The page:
Friday, 16 February 2018 06:13

Blood Tribe Police Service hope seminar better informs elders

Written by  Demi Knight
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For the first time, the Blood Tribe Police Service are hosting an elder’s information session to tackle the ever-present issues of elder abuse, fraud and scams.

On March 6 from 5-7:30 p.m. at the White Calf Community Hall in Standoff, the event will bring together elders and community members from the Blood Tribe for an evening of information and togetherness.
“Our Elders are so important to us,” says Sadie Many Fingers, Crime Prevention Coordinator for the Blood Tribe Police Service. “So far, in the past, I haven’t heard of any of these types of information sessions taking place on the reserve that relate to the issue of elder abuse and fraud, and since March is Fraud and Scam Safety Month I thought it would be a perfect time to have this session.”
The information session, which will be the first of its kind held by the Blood Tribe Police service was brought to life by Many Fingers as a great event to open the lines of communication for problems or areas that could be affecting elder populations on the reserve. 
Many Fingers says although these elders are undeniably pivotal to the community, creating awareness and positive re-enforcement of keeping them safe and respected is a top priority through these sessions.
With speakers lined up to talk at the event, Many Fingers is excited to see a number of people coming in to talk about these important issues including the Alberta Provincial Crime Watch Wise Owl Program that educates seniors on scams and frauds circulating communities as well as offering them tools and strategies to combat these wrong-doings.
The information session will also see a group come out from the Lethbridge Senior Citizens Association to make a presentation on elder abuse and awareness as well as the Blood Tribe Police services own Technology specialist who will be present to talk about cyber crimes and prevention methods.
“The elders fall victims to these types of crimes because they’re so nice, and these are on-going issues that should be addressed,” says Many Fingers.
“Especially on the reserve, a lot of the elders have limited knowledge on fraud scams and elder abuse really happens here on the reserve too, so this information session will really benefit them to be more aware and educated on preventative methods and what to do if these situations do occur.”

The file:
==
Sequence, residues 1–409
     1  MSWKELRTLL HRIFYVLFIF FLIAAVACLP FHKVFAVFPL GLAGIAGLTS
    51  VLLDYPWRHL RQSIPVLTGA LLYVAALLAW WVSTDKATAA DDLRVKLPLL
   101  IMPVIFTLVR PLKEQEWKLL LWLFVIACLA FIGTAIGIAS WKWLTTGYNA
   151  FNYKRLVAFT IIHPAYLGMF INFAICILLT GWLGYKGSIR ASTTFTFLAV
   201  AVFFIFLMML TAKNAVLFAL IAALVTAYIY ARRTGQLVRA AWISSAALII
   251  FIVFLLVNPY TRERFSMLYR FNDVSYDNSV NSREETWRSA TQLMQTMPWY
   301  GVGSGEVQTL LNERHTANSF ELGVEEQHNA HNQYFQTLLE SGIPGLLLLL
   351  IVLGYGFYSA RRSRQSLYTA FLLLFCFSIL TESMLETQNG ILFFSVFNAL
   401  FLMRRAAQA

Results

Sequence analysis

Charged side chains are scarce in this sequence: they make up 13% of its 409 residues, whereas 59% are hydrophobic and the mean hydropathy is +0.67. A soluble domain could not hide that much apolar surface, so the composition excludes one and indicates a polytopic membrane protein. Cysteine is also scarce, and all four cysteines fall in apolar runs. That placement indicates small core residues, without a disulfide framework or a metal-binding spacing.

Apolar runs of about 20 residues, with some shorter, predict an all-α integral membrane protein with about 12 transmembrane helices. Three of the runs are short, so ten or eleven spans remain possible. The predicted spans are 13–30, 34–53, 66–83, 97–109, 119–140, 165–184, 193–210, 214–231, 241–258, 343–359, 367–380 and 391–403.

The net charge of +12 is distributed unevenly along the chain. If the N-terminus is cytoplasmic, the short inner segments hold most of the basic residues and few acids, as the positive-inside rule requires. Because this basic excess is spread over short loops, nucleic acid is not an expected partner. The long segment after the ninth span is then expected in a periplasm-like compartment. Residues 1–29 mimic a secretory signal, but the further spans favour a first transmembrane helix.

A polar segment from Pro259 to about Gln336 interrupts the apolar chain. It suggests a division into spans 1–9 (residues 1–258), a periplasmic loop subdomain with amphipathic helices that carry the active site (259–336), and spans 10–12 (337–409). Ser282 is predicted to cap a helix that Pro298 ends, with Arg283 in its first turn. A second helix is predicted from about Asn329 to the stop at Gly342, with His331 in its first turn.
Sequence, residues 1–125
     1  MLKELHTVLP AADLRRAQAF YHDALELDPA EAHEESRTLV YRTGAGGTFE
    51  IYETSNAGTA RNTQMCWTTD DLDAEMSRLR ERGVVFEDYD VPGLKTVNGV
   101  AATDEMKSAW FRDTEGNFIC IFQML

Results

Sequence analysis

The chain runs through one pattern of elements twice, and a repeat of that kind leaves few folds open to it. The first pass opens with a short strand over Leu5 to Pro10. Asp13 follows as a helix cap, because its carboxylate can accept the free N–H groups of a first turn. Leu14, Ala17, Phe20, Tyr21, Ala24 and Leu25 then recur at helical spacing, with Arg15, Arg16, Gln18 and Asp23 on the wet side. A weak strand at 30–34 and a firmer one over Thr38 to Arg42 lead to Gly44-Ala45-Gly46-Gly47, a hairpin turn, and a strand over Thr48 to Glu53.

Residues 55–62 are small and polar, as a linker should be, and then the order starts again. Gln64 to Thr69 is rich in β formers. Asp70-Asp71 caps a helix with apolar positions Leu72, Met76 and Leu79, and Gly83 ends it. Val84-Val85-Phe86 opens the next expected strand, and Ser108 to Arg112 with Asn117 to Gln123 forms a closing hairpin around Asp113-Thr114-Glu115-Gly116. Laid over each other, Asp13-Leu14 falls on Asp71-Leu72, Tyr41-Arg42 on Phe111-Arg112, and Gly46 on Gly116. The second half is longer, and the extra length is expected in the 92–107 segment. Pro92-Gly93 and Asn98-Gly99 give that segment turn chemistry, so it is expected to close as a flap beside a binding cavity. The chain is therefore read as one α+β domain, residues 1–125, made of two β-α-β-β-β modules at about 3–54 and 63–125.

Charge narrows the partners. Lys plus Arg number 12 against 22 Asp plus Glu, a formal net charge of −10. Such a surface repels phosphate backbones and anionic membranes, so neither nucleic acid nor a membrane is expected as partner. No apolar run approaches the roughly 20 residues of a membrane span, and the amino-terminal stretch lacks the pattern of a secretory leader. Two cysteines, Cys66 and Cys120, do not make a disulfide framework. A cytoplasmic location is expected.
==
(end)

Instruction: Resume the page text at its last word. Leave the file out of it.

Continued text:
With dinner and refreshments being offered to those in attendance, Many Fingers says this session will also serve as a great relationship building event, since the reserve is so big, she added that not everyone always has the opportunity to get to know each other.
However, by hosting this event, the night will bring everyone together, and hopefully will help to continue to build a healthy reserve while all the while work on ways to better protect the elders so important to the community.
Yet, this isn’t the only session in the works added Many Fingers as she described her hope for the future elder sessions to take place every four months or so and tackle new and prevalent issues that many may be facing both on the reserve and in life in general.
“Elders are very important to the Blood Tribe Reserves, so we want to make these sessions every four months or so to update them on these topics.”
“The event is free and we’re really encouraging elders to attend but it’s open for everyone and we’re really hoping for a good turnout to this first session.”
Many Fingers added the Blood Tribe Police Service is working to put extra communication measures in place that will ultimately help Elders when reporting incidents. Since so many elders are fluent in Blackfoot, she says that communication barriers are sometimes an issue however the police service is taking initiative to have translators available if needed.
This, alongside of the upcoming information session, all being part of the Blood Tribe’s efforts to keep the reserve a safe place for all.

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